Hudson, I want you to know just how badly my little train crashed and burst into flames when I got to question #4. If I have an Achilles heel, it is summarizing my own work. But I seem to have done all right. I'm glad it piques your interest - though I suspect you are biased. :P

    Thank you, Rachel. You were the one who made the questions, and despite the train-wreck on number four I enjoyed them immensely. And you seemed so interested I was going to mention The Shadow Things, but you seem to know all about that already and financial straits can't be ignored. Ah, well, when the time comes I hope you enjoy that too. A full book by me. Oh. Funny how it hits you sometimes. I think after a year I'm still in a state of blank denial...

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  6. Every little thing I read about Plenilune inflames my interest mightily. I want you to have it written already so I can gobble it up, but then good things can't be rushed. In the meantime, I have posts like this. :)

    The description you chose is poetry. It doesn't rhyme, but that's basically what it is, and it gives me warm shivery feelings inside. Also I am now very interested in Skander's manservant.

    (Thank you for the tag! That was partly a facetious thank-you, because I have no idea what novel I'm going to use. There are difficulties with each. But it looks like a fun exercise, and I want to do it. ^.^)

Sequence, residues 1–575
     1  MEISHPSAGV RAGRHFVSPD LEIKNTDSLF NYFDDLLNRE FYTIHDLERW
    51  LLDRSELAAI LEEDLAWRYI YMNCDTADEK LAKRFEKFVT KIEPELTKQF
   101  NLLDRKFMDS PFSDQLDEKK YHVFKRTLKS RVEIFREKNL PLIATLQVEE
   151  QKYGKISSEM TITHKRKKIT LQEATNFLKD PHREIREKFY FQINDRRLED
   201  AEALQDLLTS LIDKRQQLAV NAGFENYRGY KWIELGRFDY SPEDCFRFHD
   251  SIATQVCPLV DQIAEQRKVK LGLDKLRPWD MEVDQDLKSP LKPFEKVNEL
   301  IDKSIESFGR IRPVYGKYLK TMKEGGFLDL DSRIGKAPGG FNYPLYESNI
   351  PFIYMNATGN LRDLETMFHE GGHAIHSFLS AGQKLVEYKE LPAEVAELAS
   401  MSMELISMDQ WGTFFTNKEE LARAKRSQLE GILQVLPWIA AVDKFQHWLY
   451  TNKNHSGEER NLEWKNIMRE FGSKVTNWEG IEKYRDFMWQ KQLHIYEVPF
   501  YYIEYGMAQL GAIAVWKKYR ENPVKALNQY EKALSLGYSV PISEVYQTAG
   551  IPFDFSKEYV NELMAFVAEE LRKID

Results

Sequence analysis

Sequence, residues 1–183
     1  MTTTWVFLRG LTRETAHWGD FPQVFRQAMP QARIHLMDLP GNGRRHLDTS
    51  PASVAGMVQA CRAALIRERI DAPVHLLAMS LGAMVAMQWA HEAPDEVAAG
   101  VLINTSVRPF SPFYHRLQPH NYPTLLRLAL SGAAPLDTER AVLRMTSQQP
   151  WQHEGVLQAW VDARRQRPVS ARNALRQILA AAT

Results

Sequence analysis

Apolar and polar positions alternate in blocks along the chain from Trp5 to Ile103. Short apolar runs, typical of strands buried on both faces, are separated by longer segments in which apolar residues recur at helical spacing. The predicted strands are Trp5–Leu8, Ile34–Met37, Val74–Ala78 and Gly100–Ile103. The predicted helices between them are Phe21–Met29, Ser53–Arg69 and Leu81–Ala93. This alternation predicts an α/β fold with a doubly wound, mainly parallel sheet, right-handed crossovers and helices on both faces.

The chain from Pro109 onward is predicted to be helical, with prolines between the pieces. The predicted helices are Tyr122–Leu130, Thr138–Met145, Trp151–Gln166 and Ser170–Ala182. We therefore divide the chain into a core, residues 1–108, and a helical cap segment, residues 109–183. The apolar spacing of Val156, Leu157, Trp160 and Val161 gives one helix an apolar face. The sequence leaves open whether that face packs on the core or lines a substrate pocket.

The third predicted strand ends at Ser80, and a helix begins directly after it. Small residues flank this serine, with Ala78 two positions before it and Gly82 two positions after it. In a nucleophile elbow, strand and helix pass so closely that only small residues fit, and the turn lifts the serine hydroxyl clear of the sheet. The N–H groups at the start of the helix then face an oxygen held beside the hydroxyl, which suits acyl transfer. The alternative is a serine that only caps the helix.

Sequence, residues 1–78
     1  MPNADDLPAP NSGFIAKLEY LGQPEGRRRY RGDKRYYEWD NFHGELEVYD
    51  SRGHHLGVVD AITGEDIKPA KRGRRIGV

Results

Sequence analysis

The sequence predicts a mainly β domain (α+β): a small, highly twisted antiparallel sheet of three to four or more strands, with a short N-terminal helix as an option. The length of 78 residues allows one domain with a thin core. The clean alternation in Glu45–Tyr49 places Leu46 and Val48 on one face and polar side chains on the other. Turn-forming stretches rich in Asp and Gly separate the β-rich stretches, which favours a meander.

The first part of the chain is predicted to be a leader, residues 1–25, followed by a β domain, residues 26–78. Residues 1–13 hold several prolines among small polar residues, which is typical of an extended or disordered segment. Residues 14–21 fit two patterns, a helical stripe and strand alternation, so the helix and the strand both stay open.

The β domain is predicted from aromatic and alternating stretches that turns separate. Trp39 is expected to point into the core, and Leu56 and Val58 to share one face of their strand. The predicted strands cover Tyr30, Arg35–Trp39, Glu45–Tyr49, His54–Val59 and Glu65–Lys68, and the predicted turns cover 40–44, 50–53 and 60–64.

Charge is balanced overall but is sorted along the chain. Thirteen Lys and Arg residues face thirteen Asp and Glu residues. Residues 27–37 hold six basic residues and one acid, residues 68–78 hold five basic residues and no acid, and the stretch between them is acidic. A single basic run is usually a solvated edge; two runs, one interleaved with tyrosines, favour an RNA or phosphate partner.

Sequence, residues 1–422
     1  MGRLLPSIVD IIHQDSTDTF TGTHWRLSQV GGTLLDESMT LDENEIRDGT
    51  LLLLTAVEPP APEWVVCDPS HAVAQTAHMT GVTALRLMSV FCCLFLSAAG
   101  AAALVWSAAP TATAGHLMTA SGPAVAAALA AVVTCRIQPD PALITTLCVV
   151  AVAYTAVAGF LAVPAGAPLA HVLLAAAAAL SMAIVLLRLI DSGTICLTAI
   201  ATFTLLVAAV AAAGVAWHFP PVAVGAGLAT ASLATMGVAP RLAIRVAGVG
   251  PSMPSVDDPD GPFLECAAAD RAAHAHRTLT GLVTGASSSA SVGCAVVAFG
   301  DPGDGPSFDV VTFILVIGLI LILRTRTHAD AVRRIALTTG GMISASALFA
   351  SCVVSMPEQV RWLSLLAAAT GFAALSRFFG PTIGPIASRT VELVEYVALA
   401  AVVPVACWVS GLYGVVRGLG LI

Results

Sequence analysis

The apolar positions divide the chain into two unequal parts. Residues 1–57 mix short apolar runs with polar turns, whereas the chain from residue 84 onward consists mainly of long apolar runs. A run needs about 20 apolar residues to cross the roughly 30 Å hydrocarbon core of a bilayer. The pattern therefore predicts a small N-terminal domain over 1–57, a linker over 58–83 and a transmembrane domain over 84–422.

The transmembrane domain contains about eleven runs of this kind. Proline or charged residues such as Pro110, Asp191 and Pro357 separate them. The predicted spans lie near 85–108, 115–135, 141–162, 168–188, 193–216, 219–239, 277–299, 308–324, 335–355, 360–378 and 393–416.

...your cover is enchanting.

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  7. "Every little thing she writes is magic...!"

    I have to finagle posts out of you somehow, Megan-girl. This seemed like a good means of doing so. I also seem to have a knack for inciting semi-sarcastic, partly-facetious comments in you. I wonder if that reflects badly on my character. What I don't know is which one... Fallows Dray. Yes, it can reflect badly on my character Fallows Dray. He won't notice.

    I had such a time coming up with a favourite piece of description. The piece I used was what I liked best of what I have recently written, and it was jostling everything else out of my mind so I thought I had best use it. I like that you think it is poetry - I have similar thoughts on it myself. As for Skander's man, while he doesn't appear to be a primary character, or even have a serious role in the plot, he is most certainly a character in his own right and I am enjoying writing him. I think you would like him.

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  8. Oh my goodness; I've been wishing I would be tagged with this one! I'm honored, flattered, and delighted. Thank you so much!
    Also...
    I really, really want to read your book. Very much. I can't wait!!!
    ~ Mirriam

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  9. And - Elizabeth Sladen. I was so sad when she died :( It was unexpected and just... depressing. It would be awesome if she could have read your book :/
    ~ Mirriam

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  10. Oh, yes. This is all kinds of Wonderful. That bit of description you gave sent shivers through me. I believe I smiled within myself--or ached. I think I ached a bit too.

    ...that went on infinitely until the end of time where eternity hung its veil so that little people like herself might not look in and die.

    You have a way of putting Things. You just do.